clock such as our grand-
mothers used in their light,

ries for himself, all of them beginning with the medium-sized affair of mahogany with a glass
phrase, Once upon a time." The two elder door, on the lower half of which are painted
children, whom their father nicknamed Trotty impossible red roses and forget-me-nots. It
and "Daisy," have very charming manners, and is a good old domestic clock, and went on
may have inherited their father's talent, faithfully ticking away when the others were
One should not always judge a man by his cranky and would not keep the time regularly.
house, but in the case of Eugene Field it seemed As you enter the house, the library is on the
VOL. XXIII.--o5.


left hand. All around the walls of the room
are bookcases. Suppose we look at the case
beyond the window, which might be called
the Fairy Corner. Here are gathered books of
fairy lore from all parts of the world, for there
was hardly an old bookstore in London, Paris,
or Berlin, which Mr. Field did not know well.
In this wonderful fairy corner are Cossack
fairy tales, Eastern fairy tales, legends of the
French provinces, legends of Ireland, Norway,
Germany, Spain, New England, and all the
modern English fairy stories.
Before we go upstairs to Eugene Field's room,
the one which holds his choicest treasures,
it is necessary to remind you again that he
had a child's love of grotesque toys and of bar-
baric colors and effects. He was especially
fond of red. The room in which he died is pa-
pered with a fantastic, swirling pattern on a red
ground, which is absolutely exasperating to those
people who prefer soft browns and dull reds.
Few persons understand what his idea was in
selecting this red paper with its grotesque yet
conventional swirl. In Henry B. Fuller's With
the Procession" that author tells about a Chi-
cago woman named Susan Bates, who furnished
her whole house magnificently except one little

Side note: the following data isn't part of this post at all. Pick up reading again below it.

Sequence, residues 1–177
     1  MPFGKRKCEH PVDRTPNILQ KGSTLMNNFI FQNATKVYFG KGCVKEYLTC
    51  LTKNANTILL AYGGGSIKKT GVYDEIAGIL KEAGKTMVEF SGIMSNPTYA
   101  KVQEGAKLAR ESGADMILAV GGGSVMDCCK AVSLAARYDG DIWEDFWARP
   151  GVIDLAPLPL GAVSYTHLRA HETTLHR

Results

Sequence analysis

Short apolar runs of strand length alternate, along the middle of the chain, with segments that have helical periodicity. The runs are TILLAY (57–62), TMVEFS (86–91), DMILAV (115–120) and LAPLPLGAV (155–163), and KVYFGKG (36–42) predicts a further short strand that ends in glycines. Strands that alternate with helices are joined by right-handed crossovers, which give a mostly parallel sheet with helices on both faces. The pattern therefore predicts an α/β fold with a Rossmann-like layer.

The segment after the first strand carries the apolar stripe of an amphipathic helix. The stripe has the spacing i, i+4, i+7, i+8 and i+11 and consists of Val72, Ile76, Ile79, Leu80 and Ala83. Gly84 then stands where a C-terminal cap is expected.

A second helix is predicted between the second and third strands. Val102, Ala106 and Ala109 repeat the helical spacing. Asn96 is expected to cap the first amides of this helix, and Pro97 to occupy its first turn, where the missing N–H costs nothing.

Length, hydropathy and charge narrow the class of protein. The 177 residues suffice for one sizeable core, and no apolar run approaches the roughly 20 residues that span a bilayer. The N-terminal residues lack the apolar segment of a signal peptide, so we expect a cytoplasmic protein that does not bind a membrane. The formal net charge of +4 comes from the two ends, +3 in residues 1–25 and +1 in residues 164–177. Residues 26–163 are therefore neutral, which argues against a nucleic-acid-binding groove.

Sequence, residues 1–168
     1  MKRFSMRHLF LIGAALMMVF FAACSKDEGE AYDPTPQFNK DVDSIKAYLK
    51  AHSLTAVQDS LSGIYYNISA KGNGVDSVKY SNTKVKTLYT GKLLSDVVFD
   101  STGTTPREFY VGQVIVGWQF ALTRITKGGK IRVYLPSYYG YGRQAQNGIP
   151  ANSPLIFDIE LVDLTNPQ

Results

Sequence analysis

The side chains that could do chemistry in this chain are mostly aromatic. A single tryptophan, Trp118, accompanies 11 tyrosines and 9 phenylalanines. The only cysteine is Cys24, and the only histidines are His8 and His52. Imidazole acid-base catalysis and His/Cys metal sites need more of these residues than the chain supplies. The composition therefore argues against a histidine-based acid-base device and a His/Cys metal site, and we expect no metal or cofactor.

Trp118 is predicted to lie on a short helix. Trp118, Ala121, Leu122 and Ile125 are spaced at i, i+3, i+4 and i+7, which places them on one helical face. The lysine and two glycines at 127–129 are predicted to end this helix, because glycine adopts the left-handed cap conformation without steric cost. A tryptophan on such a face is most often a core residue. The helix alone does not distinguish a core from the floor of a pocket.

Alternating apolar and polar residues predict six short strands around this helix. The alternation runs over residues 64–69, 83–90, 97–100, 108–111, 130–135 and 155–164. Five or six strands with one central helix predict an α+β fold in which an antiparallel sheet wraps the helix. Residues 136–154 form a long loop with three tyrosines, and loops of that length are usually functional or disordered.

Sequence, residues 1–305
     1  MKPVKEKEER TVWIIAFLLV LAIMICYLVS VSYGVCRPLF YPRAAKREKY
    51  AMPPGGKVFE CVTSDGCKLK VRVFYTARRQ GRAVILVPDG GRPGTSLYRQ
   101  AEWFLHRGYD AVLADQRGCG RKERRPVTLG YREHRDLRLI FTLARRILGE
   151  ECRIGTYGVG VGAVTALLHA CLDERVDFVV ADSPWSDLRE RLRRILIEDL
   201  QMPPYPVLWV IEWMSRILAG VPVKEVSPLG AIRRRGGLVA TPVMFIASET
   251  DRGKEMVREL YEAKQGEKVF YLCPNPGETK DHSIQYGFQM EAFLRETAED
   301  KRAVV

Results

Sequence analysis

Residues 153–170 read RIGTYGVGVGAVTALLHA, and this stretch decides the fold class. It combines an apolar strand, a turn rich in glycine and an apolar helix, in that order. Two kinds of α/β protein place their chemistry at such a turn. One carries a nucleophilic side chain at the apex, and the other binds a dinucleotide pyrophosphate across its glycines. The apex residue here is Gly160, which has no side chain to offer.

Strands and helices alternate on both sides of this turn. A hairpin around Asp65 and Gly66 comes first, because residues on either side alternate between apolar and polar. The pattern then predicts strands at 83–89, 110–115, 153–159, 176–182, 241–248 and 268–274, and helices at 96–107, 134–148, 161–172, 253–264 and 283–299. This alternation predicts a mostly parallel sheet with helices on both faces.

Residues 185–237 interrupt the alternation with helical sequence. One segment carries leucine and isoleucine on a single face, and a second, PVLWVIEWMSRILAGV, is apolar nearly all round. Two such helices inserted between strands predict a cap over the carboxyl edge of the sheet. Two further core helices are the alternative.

room. Upon this room she spent a great deal
of money, and visited many old-fashioned stores,
in order to furnish it like the primitive one she
had occupied when a girl in her father's house.
Now this was partly Eugene Field's idea in fur-
nishing his own room. He was fond of gro-
tesque effects, he loved red passionately, and he
wanted a reminder of the furnishings of a cen-
tury ago. Where he found that gorgeous red
paper, or the old-fashioned calico for the red
curtain, it would be difficult to tell, but he had
a knack for discovering quaint things which
other people pass by without notice. When
it is added that the rugs on the floor are also
red, perhaps it may be imagined that this room
is hideous. But it is not. The long book-case
on one side, the white column in the middle
around which are arranged shelves holding Mr.
Field's treasures, and a gray screen repeating
with a slight variation the same singular swirl
that is upon the walls, relieve the eye to such
an extent that the effect is harmonious.
As you enter the room, you are confronted

with two hideous figures. An outlandish Japan-
ese figure is suspended from the wall by one
arm. In the other it holds three Japanese gongs
fastened together so as to make a loud sound
when struck with the red stick. The other is the
face of a hobgoblin attached to the headboard
of his bedstead. Field pretended that he bought
it to frighten away his babies when they insisted
upon interrupting him while he was writing; but,
like their father, they were so fond of the ludi-
crous that the strange faces the monster would
make when certain strings were pulled only made
them laugh; so the intended bugaboo but added
to the attractions of the room.
On the shelves one may find a strange collec-
tion of quaint bottles of every conceivable shape
and size, and Mr. Field hunted many shops for
those candelabra which our grandmothers loved,
- those with glass pendants through which a
child may distinguish the seven colors of the
rainbow. He also had a queer collection of
canes, candlesticks, and baby shoes. Not alone
the first shoes his own babies wore, with the toes
and heels worn out, but wooden shoes, and even